In his St Andrews lectures Chalmers excluded mental philosophy and included the whole sphere of moral obligation, dealing with man's duty to God and to his fellow-men in the light of Christian teaching. Many of his lectures were printed in the first and second volumes of his published works.[2]

In the field of ethics he made contributions in regard to the place and functions of volition and attention, the separate and underived character of the moral sentiments, and the distinction between the virtues of perfect and imperfect obligation.[2]

Religion[edit]

At his own request the article on Christianity was assigned to him in David Brewster's Edinburgh Encyclopaedia. The separate publication of this article, and contributions to the Edinburgh Christian Instructor and The Eclectic Review, enhanced his reputation as an author.[2]

Chalmers's writings are a source for argument and illustration on the question of Establishment. "I have no veneration", he said to the royal commissioners in St Andrews, before either the voluntary or the non-intrusive controversies had arisen, "for the Church of Scotland qua an establishment, but I have the utmost veneration for it qua an instrument of Christian good."[2]

Natural theology[edit]

Chalmers' Bridgewater Treatise, in the series On the Power, Wisdom and Goodness of God as Manifested in the Adaptation of External Nature to the Moral and Intellectual Constitution of Man, appeared in two volumes 1833 and went through 6 editions. As noted by Robert M. Young, these books effectively represent an encyclopedia of pre-evolutionary natural history, commissioned and published whilst Charles Darwin was on board The Beagle.

In the area of natural theology and the Christian evidences he advocated the method of reconciling the Mosaic narrative with the indefinite antiquity of the globe which William Buckland advanced in his Bridgewater Treatises, and which Chalmers had previously communicated to him.[2]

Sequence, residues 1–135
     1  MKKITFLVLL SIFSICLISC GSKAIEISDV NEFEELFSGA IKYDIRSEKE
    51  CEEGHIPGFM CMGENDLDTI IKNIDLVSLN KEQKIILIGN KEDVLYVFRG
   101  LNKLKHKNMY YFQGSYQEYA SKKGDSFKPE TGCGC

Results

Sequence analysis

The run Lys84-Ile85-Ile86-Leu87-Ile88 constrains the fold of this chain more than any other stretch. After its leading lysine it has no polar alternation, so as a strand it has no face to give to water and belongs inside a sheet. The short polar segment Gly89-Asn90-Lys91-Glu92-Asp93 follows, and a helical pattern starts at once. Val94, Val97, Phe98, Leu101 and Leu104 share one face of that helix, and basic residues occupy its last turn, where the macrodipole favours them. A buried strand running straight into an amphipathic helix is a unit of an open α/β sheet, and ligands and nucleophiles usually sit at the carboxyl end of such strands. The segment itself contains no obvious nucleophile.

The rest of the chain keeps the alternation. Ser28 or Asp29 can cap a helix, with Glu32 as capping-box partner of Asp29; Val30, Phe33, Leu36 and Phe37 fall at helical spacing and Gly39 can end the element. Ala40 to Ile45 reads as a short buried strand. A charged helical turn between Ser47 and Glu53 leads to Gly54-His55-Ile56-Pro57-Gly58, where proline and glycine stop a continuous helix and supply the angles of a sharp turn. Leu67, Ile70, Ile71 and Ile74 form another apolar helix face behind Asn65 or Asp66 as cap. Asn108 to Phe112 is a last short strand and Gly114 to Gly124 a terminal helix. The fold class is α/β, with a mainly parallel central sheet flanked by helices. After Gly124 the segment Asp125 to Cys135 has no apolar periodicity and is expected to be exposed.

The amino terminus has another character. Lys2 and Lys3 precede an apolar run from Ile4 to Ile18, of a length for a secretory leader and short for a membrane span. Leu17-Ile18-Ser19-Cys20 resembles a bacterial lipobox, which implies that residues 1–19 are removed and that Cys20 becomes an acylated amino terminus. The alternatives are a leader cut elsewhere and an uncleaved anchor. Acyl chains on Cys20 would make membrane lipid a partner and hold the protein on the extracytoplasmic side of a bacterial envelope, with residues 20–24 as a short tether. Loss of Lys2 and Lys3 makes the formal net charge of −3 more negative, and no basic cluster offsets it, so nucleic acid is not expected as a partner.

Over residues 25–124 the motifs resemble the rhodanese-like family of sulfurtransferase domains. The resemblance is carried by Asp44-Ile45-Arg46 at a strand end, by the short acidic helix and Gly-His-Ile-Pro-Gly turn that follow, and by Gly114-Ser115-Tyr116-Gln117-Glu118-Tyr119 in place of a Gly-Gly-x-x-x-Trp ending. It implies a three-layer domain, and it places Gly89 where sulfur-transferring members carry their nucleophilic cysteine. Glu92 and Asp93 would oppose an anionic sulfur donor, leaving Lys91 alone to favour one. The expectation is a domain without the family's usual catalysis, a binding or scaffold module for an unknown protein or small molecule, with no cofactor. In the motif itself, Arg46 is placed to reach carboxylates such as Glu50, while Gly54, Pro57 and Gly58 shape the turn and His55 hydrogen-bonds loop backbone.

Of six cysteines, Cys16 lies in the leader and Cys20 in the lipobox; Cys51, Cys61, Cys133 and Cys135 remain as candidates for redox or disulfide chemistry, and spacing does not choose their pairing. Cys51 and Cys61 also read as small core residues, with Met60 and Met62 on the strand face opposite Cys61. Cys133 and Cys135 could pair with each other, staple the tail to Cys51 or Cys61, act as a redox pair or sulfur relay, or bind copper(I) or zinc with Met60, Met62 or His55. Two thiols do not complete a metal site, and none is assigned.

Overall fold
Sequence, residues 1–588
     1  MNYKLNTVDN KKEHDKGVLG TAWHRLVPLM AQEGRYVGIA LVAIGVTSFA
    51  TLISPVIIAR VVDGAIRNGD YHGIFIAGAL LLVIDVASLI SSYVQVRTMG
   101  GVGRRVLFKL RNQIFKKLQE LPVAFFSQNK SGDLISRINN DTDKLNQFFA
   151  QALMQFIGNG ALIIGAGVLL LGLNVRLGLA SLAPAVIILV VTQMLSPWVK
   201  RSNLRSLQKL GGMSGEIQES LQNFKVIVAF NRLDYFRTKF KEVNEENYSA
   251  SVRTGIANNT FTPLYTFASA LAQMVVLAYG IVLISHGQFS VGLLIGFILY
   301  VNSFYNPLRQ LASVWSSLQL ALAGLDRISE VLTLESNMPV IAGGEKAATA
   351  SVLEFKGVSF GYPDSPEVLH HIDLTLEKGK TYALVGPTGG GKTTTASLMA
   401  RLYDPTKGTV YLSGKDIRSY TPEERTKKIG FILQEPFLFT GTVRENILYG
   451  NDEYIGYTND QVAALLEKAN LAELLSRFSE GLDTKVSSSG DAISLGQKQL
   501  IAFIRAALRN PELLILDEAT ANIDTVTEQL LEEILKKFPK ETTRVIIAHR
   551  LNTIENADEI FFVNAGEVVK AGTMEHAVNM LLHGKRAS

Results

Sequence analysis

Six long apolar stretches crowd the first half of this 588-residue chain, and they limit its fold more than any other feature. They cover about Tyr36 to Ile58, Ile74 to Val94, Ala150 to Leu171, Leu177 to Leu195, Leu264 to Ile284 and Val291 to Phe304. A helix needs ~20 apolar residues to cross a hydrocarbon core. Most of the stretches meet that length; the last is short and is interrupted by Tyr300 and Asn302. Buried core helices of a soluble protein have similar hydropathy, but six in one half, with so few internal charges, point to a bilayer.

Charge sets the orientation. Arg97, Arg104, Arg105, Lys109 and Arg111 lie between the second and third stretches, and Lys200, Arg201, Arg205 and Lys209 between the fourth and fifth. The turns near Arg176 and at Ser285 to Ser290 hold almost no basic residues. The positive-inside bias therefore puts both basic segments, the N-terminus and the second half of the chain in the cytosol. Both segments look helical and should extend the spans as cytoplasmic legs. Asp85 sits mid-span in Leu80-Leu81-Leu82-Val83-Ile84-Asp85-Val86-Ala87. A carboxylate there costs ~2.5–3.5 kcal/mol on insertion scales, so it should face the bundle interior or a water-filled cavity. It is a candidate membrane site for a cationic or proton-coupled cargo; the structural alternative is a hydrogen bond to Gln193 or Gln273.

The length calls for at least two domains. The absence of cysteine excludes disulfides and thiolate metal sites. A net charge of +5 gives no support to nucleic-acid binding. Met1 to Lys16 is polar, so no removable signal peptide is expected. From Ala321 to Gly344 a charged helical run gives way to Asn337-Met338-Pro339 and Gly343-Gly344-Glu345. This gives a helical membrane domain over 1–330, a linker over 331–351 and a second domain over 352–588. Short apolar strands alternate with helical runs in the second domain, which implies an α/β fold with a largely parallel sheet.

Gap creationism[edit]

Chalmers popularized the concept of gap creationism,[20][20] also known as the "gap theory". This is a form of old Earth creationism that posits that the six-day creation, as described in the Book of Genesis, involved literal 24-hour days, but that there was a gap of time between two distinct creations in the first and the second verses of Genesis, explaining many scientific observations, including the age of the Earth.[21][22][23] It differs from day-age creationism, which posits that the 'days' of creation were much longer periods (of thousands or millions of years), and from young Earth creationism, which although it agrees concerning the six literal 24-hour days of creation, does not posit any gap of time.

The "New College", as the Divinity School became known, was a centre of opposition to the Vestiges of the Natural History of Creation (1844). Chalmers himself did not mention the work, but indirectly attacked its view of development in writing for the North British Review.[24]

Family[edit]

Chalmers's eldest daughter Anne married William Hanna, who wrote a long biography of his father-in-law.[25]

References[edit]

Among the biographical accounts and academic studies of the life and works of Thomas Chalmers are those of John Roxborogh, Alexander Campbell Cheyne, Friedhelm Voges and S. J. Brown.

  1. ^ Donald K. McKim; David F. Wright (1992). Encyclopedia of the Reformed Faith. Westminster John Knox Press. p. 61. ISBN 978-0-664-21882-9. Retrieved 7 November 2012. 
  2. ^ a b c d e f g h i j k l m n o p q r s t u v w x y 1911 Britannica article